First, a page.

With e-commerce sales in Canada expected to hit almost $30-billion this year, there's no doubt that online retail is growing quickly. But many retailers who got their start online are going in a different direction: They're opening bricks-and-mortar stores.
Vancouver-based Indochino, which sells custom menswear, started experimenting with offline stores in 2011, four years after it launched online.
"It was a big leap for us at the time," said Kyle Vucko, the company's CEO and co-founder. "We were bucking the trend."
He said the move into the physical world was driven by customers who wanted to see and feel fabrics as well as get advice from stylists.
"We were hearing from enough of our customers that they wanted this level of service," he said.
The company now has showrooms in Toronto and Vancouver as well as New York, San Francisco and Philadelphia. A Boston location is scheduled to open on July 23, with three more expected before the end of the year.
Mr. Vucko said certain products are just better suited to online sales – things such as books and electronics, whose specifications can easily be described to consumers.
"Apparel hasn't moved online as quickly as other categories," he said.
While a customer who is used to buying a specific pair of jeans or shoes might look online, new brands have a tougher time, he said, because customers don't know how a product will fit.
His approach is what's often called an omnichannel strategy, using web, mobile and physical retail in a unified way to reach customers.
But not all onmichannel approaches look the same.
For Roy Hessel, the CEO of Vancouver's Clearly (formerly ClearlyContacts.ca), which sells vision-correction products, his strategy is "digital first."
"When we talk about omnichannel, I think that we should look at it much more broadly than just the tension between website, mobile and the physical store," Mr. Hessel said. "When I look at it, as a CEO of a mainly digital company, I look at it as a multidimensional approach."
A big part of that for him is the ability to reach customers around the world. Clearly launched as an online retailer in 2000. It expanded into bricks and mortar in 2013 and currently has two stores in Vancouver and one in Toronto.
"We see our retail stores as learning labs," Mr. Hessel said. They give the company an opportunity to test things, gather feedback and learn about how people shop for glasses.
"The biggest challenge that eyeglasses customers have is finding the right fit," he said. Because they have to take their glasses off to try on new frames, "they always need the feedback of a friend or a professional."
He said customers now often use their cellphones as part of the process – taking selfies to see what they look like when they're trying on frames. That insight has influenced both a virtual try-on feature and the introduction of monitors in stores, which allow customers to see how they look in different frames once they've put their glasses back on.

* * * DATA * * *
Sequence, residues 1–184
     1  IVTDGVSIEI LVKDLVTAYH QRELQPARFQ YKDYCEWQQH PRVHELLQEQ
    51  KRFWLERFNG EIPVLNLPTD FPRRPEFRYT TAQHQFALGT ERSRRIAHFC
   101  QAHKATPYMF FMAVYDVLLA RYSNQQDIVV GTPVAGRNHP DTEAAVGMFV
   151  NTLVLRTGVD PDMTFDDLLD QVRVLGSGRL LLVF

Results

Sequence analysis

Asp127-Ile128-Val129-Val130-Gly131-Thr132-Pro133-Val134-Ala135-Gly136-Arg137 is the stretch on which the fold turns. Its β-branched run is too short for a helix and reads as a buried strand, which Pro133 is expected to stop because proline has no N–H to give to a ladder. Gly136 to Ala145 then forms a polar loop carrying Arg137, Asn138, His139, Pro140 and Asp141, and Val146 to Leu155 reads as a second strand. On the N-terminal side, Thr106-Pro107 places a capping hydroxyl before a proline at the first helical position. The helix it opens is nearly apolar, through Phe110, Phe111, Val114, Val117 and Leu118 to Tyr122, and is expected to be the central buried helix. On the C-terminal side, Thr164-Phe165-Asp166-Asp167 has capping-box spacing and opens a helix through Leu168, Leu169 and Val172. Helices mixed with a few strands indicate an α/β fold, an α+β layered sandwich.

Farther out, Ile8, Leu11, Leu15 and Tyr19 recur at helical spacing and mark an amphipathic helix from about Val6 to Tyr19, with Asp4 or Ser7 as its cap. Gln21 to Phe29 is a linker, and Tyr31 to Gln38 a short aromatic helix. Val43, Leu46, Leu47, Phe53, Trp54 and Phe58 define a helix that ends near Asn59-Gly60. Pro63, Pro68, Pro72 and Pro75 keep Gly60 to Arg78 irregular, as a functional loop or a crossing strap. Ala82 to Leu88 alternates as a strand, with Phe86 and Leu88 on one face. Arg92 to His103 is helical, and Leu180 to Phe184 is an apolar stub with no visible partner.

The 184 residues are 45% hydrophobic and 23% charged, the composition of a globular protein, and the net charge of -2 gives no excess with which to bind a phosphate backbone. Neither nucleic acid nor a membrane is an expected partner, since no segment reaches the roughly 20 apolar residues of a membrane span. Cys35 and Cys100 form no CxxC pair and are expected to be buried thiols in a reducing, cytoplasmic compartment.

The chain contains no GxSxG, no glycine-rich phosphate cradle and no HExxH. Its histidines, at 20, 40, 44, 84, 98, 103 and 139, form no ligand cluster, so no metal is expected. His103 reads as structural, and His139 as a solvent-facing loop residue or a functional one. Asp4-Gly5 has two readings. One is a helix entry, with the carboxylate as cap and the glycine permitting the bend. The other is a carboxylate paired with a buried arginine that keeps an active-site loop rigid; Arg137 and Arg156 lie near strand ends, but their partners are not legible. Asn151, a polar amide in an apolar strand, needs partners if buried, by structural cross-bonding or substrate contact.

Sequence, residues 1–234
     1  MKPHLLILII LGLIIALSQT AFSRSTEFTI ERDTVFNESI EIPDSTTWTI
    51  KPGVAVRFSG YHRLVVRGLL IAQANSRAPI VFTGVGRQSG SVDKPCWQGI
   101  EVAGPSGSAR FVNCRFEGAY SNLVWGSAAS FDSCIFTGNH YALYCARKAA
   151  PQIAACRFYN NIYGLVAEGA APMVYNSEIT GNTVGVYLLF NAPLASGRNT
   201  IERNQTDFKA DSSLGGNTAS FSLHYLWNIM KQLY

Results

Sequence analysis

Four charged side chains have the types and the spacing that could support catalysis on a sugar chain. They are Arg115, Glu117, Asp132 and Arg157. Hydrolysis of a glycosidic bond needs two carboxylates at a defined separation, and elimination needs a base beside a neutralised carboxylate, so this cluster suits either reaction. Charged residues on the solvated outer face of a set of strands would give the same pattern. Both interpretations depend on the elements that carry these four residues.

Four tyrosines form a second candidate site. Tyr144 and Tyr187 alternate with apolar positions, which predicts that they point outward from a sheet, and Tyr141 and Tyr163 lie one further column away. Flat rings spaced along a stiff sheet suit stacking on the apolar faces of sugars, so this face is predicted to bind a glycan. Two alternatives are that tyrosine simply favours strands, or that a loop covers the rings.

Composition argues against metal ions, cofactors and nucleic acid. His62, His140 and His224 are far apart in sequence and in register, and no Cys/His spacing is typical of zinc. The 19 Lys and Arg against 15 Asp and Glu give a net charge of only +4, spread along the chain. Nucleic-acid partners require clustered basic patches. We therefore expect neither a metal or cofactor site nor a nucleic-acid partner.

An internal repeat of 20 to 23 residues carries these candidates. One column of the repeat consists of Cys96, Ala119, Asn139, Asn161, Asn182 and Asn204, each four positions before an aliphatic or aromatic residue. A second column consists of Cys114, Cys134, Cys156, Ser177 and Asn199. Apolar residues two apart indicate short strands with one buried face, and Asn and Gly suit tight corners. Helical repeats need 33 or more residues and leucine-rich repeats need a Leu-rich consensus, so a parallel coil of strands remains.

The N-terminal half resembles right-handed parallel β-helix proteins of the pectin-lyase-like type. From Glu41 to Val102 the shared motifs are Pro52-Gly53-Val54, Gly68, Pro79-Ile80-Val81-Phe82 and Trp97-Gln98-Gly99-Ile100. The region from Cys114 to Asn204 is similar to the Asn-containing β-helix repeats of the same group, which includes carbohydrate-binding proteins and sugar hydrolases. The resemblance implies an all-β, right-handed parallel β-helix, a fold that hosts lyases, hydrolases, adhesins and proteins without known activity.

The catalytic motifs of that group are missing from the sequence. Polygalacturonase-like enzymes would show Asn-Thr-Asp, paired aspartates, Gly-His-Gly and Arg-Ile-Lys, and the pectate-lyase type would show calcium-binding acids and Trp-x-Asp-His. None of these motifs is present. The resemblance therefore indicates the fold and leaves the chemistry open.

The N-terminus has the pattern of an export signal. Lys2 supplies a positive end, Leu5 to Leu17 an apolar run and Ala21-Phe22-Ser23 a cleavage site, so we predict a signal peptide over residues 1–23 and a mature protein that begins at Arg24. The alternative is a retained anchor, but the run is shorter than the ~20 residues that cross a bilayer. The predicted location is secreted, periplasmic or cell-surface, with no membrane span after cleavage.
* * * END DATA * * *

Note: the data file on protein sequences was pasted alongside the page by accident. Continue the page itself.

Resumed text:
While he said customer research has been "priceless," he doesn't have any plans to open more bricks-and-mortar stores.
For him, it all comes down to the size of the market. He said his goal is to reach one billion customers by 2030, something that would be extremely difficult in physical retail. "I'd have to open tens of thousands of stores."
Even with the massive growth in online sales, e-commerce still makes up a small percentage of all retail sales in Canada. Offline retail is worth about $40-billion a month, according to Statistics Canada. That's more business than online retailers do in an entire year.
But for individual retailers, those two streams aren't necessarily in competition.
Chris Naidu said he's seen a big boost to his business since opening a bricks-and-mortar store in late June.
He's the co-owner of Park & Province, a Toronto-based boutique that sells men's clothing and accessories.
While he said most of the sales he's generated over the past couple of weeks have been in-store, they have not taken away from the online store, which opened a little less than two years ago.
"Our online sales have risen since we opened," he said.
He sees the two channels driving traffic to each other. Customers might browse online and come in later to try something on. Or they might see something in-store and decide to buy it when they get home.
For Mr. Naidu, the physical store isn't just about driving sales in the short term, it's also about building relationships with customers and creating an esthetic for his brand.
"That traditional aspect of being able to introduce somebody into your own space and creating this environment for them – that will never go away," he said. "I think that's definitely the most important aspect to why we opened the store … for reasons like that, in person is always better."
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